Inside Story

Asking the right questions about the ABC

Is the broadcaster judging itself according to the wrong criteria?

Michael Gill 1 September 2023 1091 words

“The ABC does a lot of things well, but it doesn’t do them consistently.” Adam Calaitzis/iStockphoto

Writing in Inside Story recently, Geraldine Doogue pictured our ABC standing at the edge of a “demographic cliff.” She dealt with some complex questions before leaving us with the Joni Mitchell admonition: you don’t know what you’ve got till it’s gone.

Like others, I often wonder why the ABC I have so enjoyed and relied on can be irritating and sometimes infuriating. If it was on the edge of a cliff, there are days I’d have given it a push. Often that’s when the ABC seems to have no idea what it’s doing or no idea why people use it.

I look at ABC websites that sometimes have PR blurbs presented as news content. I watch Insiders who insist on framing every issue with their personal opinion, the first-person pronoun in heavy employ. News programs give me convoluted versions of a policy or event’s implications, but nothing of the actual policy or event itself. Above all, streams of programming have themes but not surprises. Lots of answers. Too few questions.

Ms Doogue raised the possibility (I think) of the ABC’s irrelevance. It’s the question that all media have had to face since the distribution of content was inverted. What used to be a limited, controlled flow of information and entertainment is now a dispersed, popular network that is both ubiquitous and constant. Technology allows people almost anywhere to view, read or hear almost anything: from live news like the Georgia grand jury’s indictment of Donald Trump to the video replay of all twenty minutes of the Matildas’ World Cup penalty shootout with France. Commercial aggregators like Apple and Netflix offer seemingly unlimited choices. Very soon algorithms will interpret your question, search the digital universe and present you with a composed briefing (which may be what News Corp sees as the future for “news”).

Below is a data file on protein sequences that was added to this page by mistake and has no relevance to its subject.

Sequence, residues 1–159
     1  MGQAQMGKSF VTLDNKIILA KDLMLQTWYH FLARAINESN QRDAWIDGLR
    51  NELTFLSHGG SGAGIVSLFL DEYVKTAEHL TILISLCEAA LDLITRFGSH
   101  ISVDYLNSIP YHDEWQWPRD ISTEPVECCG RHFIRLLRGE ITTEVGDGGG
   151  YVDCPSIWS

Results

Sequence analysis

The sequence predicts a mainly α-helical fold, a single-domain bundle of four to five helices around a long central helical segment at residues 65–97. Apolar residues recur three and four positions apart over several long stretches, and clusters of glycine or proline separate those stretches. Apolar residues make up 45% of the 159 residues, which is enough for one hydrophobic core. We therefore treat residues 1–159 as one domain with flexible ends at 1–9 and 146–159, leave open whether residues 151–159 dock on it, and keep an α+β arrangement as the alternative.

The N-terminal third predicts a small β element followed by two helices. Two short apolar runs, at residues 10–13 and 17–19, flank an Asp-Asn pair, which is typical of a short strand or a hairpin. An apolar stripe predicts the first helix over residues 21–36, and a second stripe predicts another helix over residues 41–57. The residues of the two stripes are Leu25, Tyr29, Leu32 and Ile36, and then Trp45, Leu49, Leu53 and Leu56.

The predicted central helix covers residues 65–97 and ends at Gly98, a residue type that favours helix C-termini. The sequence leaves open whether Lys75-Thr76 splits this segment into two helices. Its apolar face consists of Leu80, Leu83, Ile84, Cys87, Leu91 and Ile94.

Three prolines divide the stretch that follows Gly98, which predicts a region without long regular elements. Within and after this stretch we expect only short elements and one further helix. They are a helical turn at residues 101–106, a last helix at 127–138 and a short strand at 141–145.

Former BBC director-general Mark Thompson, who was hired by the New York Times when it was mired in poor performance (and fixed it) and has now been picked to repair the ailing CNN, made a useful point recently. American television, he said, seemed to be stuck in the 1980s. With endless sources of opinion, what people really want is accurate and relevant news. Who’d have thought it?

Since the moment consumers began to find serious value in digital channels, the traditional media have been struggling — most often with their financial sustainability, but almost always with their direction and purpose. When the media most needed to revisit fundamentals, many leading players did the opposite — they chose the values that suited them.

Audience numbers are the traditional measure of media strength. Commercial media generally pursued large audiences to justify their advertising rates. The newspapers or broadcasters that captured the largest consistent audiences generally made the most money.

Digital media fractured that concept in two ways. Aggregators of audiences (Google, Meta) offered advertisers far bigger audiences than any incumbent — and did so at a fraction of the cost. Other digital arrivals (Netflix, YouTube) catered extremely well to particular interests and were able to commercialise that offering at a global level; driven by consumers, they turned media measurement on its head.